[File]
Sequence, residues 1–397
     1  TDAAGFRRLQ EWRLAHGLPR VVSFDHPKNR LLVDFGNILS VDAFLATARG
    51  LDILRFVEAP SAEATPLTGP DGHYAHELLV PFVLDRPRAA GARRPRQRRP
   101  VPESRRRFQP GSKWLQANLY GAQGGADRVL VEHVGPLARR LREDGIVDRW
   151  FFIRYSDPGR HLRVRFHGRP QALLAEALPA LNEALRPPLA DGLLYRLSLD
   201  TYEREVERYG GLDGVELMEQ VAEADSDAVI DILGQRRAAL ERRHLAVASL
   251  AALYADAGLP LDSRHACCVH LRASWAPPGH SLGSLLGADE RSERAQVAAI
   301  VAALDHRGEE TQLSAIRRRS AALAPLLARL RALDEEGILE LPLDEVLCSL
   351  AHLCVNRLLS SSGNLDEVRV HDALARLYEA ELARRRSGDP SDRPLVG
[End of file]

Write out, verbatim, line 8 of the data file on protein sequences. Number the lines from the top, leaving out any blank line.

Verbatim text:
   301  VAALDHRGEE TQLSAIRRRS AALAPLLARL RALDEEGILE LPLDEVLCSL